OTTAWA — Canada’s foreign policy, under the auspices of Foreign Minister Chrystia Freeland, is bucking the country’s long standing tradition of generally staying out of the affairs of governments to its south in Latin America. Indeed, Canada has been one of the major players orchestrating repeated coup attempts in Venezuela since Juan Guaido declared himself president in January.
Ben Rowswell, former Canadian ambassador to Venezuela, told Globe and Mail that “Ottawa would have thoroughly examined the strategy the Venezuelan opposition was proposing before publicly supporting Mr. Guaido,” according to the outlet. He added:
To have countries that represent two-thirds of the population of Latin America do it in minutes shows there was a remarkable alignment that’s got to be nearly unprecedented in the history of Latin America.
What you might be seeing here is success of some extraordinary quiet diplomacy.”
Perhaps the strongest indicator that Guaido’s Popular Will party coordinated Guaido’s self-declaration of presidency with international backers is a tweet from long-time opposition leader María Corina Machado. She took selfies with Guaido in 2014 at the height of the violent Guarimba protests that left 43 dead and hundreds injured by mobs and opposition booby traps.
About a week before Guaido’s declaration, Machado tweeted that he “is the president” and “the governments of the hemisphere are ready to recognize it.” Five days later, she gave an explicit death threat to Maduro on a Miami-based news station. Indeed, Machado had been tweeting about Juan Guaido — as well as his “ambassador” to the U.S., former Exxon lawyer Carlos Vecchio — as far back as 2010.
Machado’s Sumate NGO has taken tens of thousands of dollars from the United States’ National Endowment for Democracy, a cutout of the Central Intelligence Agency that serves as a front to protect the legitimacy of the civil-society groups it bankrolls. Machado was previously charged with involvement in a plot to assassinate Maduro.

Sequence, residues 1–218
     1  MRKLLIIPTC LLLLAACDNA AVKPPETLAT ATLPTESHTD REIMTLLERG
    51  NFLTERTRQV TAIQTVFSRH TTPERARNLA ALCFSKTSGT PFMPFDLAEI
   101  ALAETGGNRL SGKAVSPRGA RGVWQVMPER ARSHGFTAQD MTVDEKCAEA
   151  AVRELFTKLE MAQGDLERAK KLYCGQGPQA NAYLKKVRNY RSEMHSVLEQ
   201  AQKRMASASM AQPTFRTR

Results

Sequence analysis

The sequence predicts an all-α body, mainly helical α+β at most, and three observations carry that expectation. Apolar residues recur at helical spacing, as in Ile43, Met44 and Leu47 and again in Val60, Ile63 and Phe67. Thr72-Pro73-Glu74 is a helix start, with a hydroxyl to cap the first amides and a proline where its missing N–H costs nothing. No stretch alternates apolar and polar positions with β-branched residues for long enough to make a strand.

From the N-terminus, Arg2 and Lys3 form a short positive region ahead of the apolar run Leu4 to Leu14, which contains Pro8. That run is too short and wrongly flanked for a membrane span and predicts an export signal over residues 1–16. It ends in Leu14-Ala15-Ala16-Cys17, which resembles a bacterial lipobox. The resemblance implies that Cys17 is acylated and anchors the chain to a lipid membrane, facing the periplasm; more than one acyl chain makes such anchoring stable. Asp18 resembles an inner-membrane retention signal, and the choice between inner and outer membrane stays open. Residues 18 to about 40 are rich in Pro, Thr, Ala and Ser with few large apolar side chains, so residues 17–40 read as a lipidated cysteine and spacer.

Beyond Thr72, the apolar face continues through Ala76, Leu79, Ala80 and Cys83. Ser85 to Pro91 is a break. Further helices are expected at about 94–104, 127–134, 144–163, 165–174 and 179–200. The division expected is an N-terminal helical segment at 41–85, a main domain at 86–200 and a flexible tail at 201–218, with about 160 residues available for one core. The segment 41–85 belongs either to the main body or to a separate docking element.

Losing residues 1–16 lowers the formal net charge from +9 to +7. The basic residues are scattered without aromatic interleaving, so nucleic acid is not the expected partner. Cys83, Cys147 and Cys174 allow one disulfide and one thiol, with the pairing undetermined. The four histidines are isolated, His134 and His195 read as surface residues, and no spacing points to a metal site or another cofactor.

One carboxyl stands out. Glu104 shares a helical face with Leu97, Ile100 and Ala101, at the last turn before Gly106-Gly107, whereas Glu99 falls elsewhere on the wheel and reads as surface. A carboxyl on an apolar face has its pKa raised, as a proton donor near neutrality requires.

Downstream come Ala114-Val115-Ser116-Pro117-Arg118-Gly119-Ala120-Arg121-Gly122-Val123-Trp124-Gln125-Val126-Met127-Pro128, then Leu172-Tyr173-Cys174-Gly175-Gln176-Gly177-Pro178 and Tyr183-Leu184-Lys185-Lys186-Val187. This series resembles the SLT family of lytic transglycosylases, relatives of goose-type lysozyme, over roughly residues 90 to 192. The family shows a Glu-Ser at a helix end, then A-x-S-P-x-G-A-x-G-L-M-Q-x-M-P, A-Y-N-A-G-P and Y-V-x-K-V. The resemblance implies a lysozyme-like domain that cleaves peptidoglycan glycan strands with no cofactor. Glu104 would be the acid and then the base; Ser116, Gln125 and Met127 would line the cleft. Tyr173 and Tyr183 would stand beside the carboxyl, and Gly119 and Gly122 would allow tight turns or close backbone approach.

ARAUCA/CUCUTA, Colombia (Reuters) - Venezuela’s crisis is spilling across the border into Colombia as Marxist rebels and right-wing paramilitaries recruit migrants to strengthen their ranks, according to five Colombian military commanders.
Violence still simmers in Colombia despite a 2016 peace deal with leftist FARC rebels, meant to end five decades of conflict. Dissident FARC fighters, the rebel National Liberation Army (ELN), right-wing paramilitaries and drug-trafficking gangs are battling each other and the military.
Keen for recruits, these armed groups are targeting Venezuelans as they traverse the porous 2,219-km (1,380-mile)frontier at illegal border crossings, according to the military officials, human rights officials and migrants themselves.
Five military commanders told Reuters that as many as 30% of insurgents in Colombia’s eastern border region are Venezuelans, willing to take up arms in return for food and pay.
Former Exxon Lawyer and Venezuela opposition envoy to Washington, Carlos Vecchio, may have overseen a multi-million dollar fraud scheme since his political allies were handed control of his country’s US-based oil accounts.
On June 17, Venezuela’s government claimed that the US Justice Department was opening an investigation into Citgo’s opposition-appointed board of directors. Hours later, the ad-hoc council confirmed it had received a subpoena from US officials.
Citgo appeared to confirm the existence of the US government probe, stating that it “received a subpoena from the Department of Justice, which has been conducting a multi-year investigation into corruption practices in PDVSA.” Citgo is a subsidiary of Petroleum of Venezuela (PDVSA), the country’s state-owned oil company.
Citgo said it has “pledged full cooperation” with the investigation. It did not specify the nature of the subpoena or whether it concerned illegal activities alleged to have taken place before or after Guaido’s appointees took control of the company.
Citgo’s announcement followed an ominous comment by Venezuela’s Vice Minister of Communications on June 17:
“It is very likely that the United States Department of Justice will open an ad hoc investigation into the fake board of directors that Juan Guaidó appointed to the Citgo company,” Rodriguez proclaimed during a presentation from Venezuela’s presidential palace.
According to Rodriguez, the investigation was sparked by an alleged accounting fraud totaling $70 million. Rodriguez asserted the money, originally meant to cover PDVSA’s 2020 bond payment due in April, was stolen by Guaido’s representative in the US.
“It seems like the person directly involved in having pocketed those $70 million in excesses, due to cooking the books, is Mr. Carlos Vecchio,” charged Rodriguez.